Home » Yoga » The Sutras » What I’m teaching…wanting what you already have, not what you don’t

What I’m teaching…wanting what you already have, not what you don’t

Santosha translates to contentment.  It is the second of 5 Niyamas (observances relating to the internal world, to ourselves) Patanjali teaches in the Yoga Sutras.  Sutra 2.42 Samtosad Anuttamah Sukha Labhah.  

By contentment, supreme joy is obtained.  Contentment means just to be as we are without going to outside things for our happiness.  If something comes, we let it come.  It not, it doesn’t matter.

Sutra commentary by Sri Swami Satchindananda

A few ways to describe the state of contentment (copied from my yoga teacher training journal notes):

  • Satisfaction within the container of one’s immediate experience
  • Seeing things without the pull of expectation
  • Living the best we can until we are able to better our situation
  • Ability to be in a difficult situation and have a semblance of contentment
  • Practicing patience, acceptance, and hopefulness
  • (and then my take on a definition) Wanting what you already have, not what you don’t

Santosha is not a practice just reserved for the yogi, you can find the spiritual principle of contentment in all the world religions and schools of spiritual thought.  I guess we humans need frequent reminders to accept things as they are.

As a rule, man’s a fool. When it’s hot, he wants it cool. And when it’s cool, he wants it hot. Always wanting what is not.

Author unknown

Acceptance is a beautiful and freeing experience.  It is, I believe, an active decision that an individual makes to bring them further into harmony with their day-to-day life. Things are as they are, after all, so it makes sense to work with our reality instead of against it.  Go with the flow, life’s downs allow us to appreciate the ups.  The ups teach us the fleeting nature of all material objects and conditions as they will, without fail, be gone before we know it.  Practicing contentment does not mean we have to be emotionless, however.  We are not stone-faced Buddhas, never flinching or reacting. We are not like the ancient yogis, out in the woods or on a mountain top meditating in solitude.  We live in the world.  Emotions are normal and set us apart as humans.  I believe we need to cry, laugh, yell, or frown at times.  But, instead of allowing emotion to overcome your behavior and going to extremes (yogis don’t really do extremes), contentment means we experience the sadness, happiness, frustration, or disappointment and then come back to a bigger picture- accepting whatever brought the emotion and moving on.  Contentment also doesn’t mean remaining in an unhealthy situation, such as staying in an abusive relationship or being a drug addict without getting help, just because that is your situation at the moment and you think you should be happy with it.  You can accept where you are, while striving to better your circumstances.  Take the necessary steps to do so- all the while being present and accepting of the journey.  In my yoga classes this week, we focused on the transitions between the poses, being present and aware of how we feel during each breath/movement/step within the spaces between the individual postures.  The transitions represent change.  We may find contentment and become comfortable with the yoga pose as we have practiced it a million times, but then the cue is to travel all the way to the back of the mat, for example, into a more challenging posture.  What happens to your state of mind then?  Can you remain content amidst change and challenge?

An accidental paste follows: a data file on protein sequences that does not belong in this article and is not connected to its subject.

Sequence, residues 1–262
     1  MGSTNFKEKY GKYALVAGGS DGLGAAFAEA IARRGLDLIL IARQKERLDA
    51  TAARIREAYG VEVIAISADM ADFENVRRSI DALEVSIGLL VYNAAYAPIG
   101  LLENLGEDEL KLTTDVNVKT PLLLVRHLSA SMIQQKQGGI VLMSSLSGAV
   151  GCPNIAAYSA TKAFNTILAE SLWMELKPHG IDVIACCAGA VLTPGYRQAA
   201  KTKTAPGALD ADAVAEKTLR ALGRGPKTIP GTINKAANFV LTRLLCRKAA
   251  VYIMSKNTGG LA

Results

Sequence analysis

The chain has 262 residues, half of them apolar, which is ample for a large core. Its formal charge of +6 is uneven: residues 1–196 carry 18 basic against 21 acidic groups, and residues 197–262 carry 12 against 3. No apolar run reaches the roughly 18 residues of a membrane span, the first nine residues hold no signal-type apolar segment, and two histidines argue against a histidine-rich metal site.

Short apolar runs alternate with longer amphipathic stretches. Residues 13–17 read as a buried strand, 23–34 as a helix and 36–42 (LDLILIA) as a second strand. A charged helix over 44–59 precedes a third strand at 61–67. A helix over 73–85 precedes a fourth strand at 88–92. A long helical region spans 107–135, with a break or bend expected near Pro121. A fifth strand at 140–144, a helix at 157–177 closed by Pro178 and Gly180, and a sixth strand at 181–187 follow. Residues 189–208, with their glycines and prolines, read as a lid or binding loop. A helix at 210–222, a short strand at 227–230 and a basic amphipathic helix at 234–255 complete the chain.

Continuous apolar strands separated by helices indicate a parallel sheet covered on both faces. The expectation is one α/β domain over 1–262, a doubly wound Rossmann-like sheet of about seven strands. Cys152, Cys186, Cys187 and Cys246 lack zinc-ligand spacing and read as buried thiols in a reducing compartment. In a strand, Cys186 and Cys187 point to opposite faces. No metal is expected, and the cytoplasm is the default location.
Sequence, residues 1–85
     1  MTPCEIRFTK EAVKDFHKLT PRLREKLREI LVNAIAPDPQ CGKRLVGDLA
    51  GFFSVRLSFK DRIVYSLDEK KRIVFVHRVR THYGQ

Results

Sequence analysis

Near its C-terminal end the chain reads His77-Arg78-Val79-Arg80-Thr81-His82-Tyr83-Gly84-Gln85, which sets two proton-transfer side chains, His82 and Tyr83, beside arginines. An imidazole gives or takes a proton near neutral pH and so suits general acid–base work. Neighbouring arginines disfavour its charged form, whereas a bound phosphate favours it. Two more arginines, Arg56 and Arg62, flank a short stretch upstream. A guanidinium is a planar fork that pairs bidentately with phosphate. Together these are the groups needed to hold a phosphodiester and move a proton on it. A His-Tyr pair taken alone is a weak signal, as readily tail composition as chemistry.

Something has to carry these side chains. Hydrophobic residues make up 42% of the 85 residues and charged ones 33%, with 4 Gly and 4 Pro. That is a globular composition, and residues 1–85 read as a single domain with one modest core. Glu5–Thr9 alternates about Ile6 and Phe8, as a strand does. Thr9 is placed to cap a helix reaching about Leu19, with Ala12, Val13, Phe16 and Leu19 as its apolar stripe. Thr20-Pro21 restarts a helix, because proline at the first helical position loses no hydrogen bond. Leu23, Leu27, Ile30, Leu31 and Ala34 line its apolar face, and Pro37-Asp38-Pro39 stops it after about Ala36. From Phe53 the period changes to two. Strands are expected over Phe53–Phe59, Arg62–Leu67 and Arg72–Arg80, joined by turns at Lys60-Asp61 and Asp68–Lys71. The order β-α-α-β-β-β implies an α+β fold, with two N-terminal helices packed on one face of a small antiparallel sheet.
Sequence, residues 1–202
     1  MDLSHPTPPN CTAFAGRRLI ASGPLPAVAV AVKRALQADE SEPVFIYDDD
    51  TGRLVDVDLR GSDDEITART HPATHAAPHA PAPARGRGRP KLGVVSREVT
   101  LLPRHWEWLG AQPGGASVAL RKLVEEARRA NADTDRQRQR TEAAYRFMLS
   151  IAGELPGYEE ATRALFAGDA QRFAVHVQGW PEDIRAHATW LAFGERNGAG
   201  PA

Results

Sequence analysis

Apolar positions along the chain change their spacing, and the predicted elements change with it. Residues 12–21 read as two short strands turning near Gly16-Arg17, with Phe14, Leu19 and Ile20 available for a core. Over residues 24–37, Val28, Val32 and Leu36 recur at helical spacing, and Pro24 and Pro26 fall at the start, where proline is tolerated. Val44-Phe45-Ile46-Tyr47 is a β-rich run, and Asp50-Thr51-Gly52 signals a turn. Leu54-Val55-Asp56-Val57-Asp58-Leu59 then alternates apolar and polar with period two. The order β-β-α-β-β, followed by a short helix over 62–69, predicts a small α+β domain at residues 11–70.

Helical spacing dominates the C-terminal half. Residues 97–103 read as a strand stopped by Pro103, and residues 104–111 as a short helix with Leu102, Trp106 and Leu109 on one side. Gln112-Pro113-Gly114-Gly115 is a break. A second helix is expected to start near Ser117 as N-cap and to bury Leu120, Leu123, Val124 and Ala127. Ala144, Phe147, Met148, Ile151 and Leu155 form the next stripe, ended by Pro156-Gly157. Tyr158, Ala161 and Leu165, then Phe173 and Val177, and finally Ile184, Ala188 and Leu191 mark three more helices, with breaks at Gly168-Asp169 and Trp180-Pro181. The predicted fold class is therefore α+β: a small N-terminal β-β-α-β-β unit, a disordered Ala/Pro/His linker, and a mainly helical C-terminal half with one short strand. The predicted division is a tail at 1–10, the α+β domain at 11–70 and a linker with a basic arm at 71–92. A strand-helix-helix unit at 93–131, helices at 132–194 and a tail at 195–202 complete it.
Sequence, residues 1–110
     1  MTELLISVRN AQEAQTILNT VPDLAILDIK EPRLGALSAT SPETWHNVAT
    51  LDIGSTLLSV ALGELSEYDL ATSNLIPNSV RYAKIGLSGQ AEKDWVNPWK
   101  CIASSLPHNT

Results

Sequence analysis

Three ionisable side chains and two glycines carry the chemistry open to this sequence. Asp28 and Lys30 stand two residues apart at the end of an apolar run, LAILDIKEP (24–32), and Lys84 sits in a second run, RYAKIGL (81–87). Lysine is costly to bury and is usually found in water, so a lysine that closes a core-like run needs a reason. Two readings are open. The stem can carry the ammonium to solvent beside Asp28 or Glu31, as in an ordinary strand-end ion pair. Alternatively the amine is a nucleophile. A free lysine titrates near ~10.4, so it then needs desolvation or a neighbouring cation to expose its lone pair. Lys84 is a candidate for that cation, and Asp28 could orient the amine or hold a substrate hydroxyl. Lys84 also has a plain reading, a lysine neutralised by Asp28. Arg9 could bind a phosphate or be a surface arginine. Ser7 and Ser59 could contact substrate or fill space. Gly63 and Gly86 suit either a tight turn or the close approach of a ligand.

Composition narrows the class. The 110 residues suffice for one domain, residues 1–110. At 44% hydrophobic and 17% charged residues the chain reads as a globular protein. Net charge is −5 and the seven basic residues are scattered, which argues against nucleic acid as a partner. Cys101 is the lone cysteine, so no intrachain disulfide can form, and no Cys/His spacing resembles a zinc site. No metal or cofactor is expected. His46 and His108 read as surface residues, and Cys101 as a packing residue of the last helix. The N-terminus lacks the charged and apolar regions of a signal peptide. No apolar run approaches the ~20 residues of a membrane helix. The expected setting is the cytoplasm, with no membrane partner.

I asked 5 -year-old Elli Soleil what it means to be happy (she didn’t know what the word content means) and she replied, “to be happy means to be loving and grateful”.

Exactly.

He is richest who is content with the least, for content is the wealth of nature.

Socrates

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